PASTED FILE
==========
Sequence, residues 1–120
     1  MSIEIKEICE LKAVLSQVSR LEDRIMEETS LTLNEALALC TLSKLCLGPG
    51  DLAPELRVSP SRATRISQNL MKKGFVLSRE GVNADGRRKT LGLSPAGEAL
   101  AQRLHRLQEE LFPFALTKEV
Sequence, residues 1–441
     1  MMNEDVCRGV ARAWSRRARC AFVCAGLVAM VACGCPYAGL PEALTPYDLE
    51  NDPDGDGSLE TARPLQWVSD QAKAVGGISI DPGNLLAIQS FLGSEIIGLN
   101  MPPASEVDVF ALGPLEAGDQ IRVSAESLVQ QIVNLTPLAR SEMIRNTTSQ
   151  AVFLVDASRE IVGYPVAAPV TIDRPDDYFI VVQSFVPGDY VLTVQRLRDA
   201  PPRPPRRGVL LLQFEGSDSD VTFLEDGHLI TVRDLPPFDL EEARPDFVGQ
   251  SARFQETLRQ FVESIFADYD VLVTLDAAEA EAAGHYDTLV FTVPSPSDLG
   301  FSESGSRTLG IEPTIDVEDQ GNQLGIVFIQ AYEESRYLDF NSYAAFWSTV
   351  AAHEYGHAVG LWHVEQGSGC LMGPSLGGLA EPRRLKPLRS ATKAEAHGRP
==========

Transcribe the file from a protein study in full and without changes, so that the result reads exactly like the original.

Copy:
Sequence, residues 1–120
     1  MSIEIKEICE LKAVLSQVSR LEDRIMEETS LTLNEALALC TLSKLCLGPG
    51  DLAPELRVSP SRATRISQNL MKKGFVLSRE GVNADGRRKT LGLSPAGEAL
   101  AQRLHRLQEE LFPFALTKEV
Sequence, residues 1–441
     1  MMNEDVCRGV ARAWSRRARC AFVCAGLVAM VACGCPYAGL PEALTPYDLE
    51  NDPDGDGSLE TARPLQWVSD QAKAVGGISI DPGNLLAIQS FLGSEIIGLN
   101  MPPASEVDVF ALGPLEAGDQ IRVSAESLVQ QIVNLTPLAR SEMIRNTTSQ
   151  AVFLVDASRE IVGYPVAAPV TIDRPDDYFI VVQSFVPGDY VLTVQRLRDA
   201  PPRPPRRGVL LLQFEGSDSD VTFLEDGHLI TVRDLPPFDL EEARPDFVGQ
   251  SARFQETLRQ FVESIFADYD VLVTLDAAEA EAAGHYDTLV FTVPSPSDLG
   301  FSESGSRTLG IEPTIDVEDQ GNQLGIVFIQ AYEESRYLDF NSYAAFWSTV
   351  AAHEYGHAVG LWHVEQGSGC LMGPSLGGLA EPRRLKPLRS ATKAEAHGRP